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I have a small custom embedded Linux distribution (created with OpenEmbedded), which boots with GRUB 1.99. The aim is to have it start up fast.

Currently it says:

GRUB loading.

for ~2+ seconds (this is probably unavoidable). Then:

Welcome to GRUB!

under it for a fraction of a second when it has finished loading.

(There is no menu or menu timeout.) It clears the screen, then:

Booting 'Disk'

for ~8 seconds. This delay seems like it should be avoidable. I'd very much like to know how to make it not delay here.

Then it continues on to:

Decompressing Linux... Parsing ELF... done.
Booting the kernel.

And then lots of fast scrolling text as the kernel boots.

The kernel image file is 1.8MB, and the disk image file is 16MB.

The grub.cfg file looks like:

set default="0"
set timeout=0

menuentry "Disk" {
    set root=(hd0,1)
    linux /boot/Disk.kernel parport=0x378,7,3 ramdisk_size=16384 root=/dev/ram rw
    initrd /boot/Disk.ext2
}

In another boot disk I have (on a Compact Flash card), I have exactly the same kernel, and a different disk image file, which 20MB. The config file is also identical, except that ramdisk_size=20480. This one has an extremely long delay of 69 seconds at that same point. Why is it so much longer? Thankfully, I don't need to use that boot disk often. But it would be nice to fix that one too, since presumably the delay is caused by the same thing.

How do I fix this delay? What is it doing? How does one go about debugging a bootloader? Is it worth looking into a lighter weight bootloader like SYSLINUX instead? Will deleting some of the unused GRUB 2 modules improve it? (How does one find which modules are unused?)

Summary

All of the following have the exact same Linux 3.2 kernel:
Flash disk A on computer X: 16MB image, GRUB 1.99, boot delay is ~8s; disk A's read speed is 20MB/s.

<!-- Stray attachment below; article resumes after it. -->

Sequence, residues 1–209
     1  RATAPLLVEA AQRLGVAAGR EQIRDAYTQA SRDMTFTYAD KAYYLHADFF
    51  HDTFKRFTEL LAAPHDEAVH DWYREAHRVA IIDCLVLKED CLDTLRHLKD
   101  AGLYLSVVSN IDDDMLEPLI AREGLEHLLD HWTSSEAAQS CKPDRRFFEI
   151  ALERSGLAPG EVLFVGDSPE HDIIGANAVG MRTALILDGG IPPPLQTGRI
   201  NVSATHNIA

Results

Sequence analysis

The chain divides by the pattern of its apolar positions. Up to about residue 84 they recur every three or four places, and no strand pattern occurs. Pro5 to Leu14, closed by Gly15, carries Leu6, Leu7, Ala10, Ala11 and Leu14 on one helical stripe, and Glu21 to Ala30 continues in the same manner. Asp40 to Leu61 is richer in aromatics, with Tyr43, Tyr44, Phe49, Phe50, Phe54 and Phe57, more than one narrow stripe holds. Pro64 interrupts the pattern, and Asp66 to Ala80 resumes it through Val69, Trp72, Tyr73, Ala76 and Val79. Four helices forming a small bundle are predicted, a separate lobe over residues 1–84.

Flash disk B on computer X: 20MB image, GRUB 1.99, boot delay is 69s; disk B's read speed is 20MB/s.

Flash disk C on computer Y: 16MB image, GRUB 0.97, boot delay is.. extremely quick; disk C's read speed is 16MB/s.
Note that computer Y is similar to computer X, but a bit slower.
(The monitor is not even fast enough to show any GRUB screens at all. From the point of the BIOS screen disappearing to the Linux kernel loading screen first appearing, it shows 4.76s of blank screen - but the Linux kernel has already been loading for at least 1.5s by that time, so it's more like 3.2s at a maximum for GRUB to do its thing. This includes GRUB itself loading and BIOS deciding which drive to boot from, etc.)
Unfortunately GRUB 0.97 like that instance is not able to be repeatably built like that, so it doesn't seem like a feasible option (although it would be nice).

How do I make GRUB 2 fast??

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Try enabling GRUB2 debugging, by adding set pager=1 and set debug=all to your /boot/grub/grub.cfg file, as described here. And paste the grub.cfg file on some pastebin.com or whatever, so we can have a look at it. –  rozcietrzewiacz Jul 24 '12 at 8:25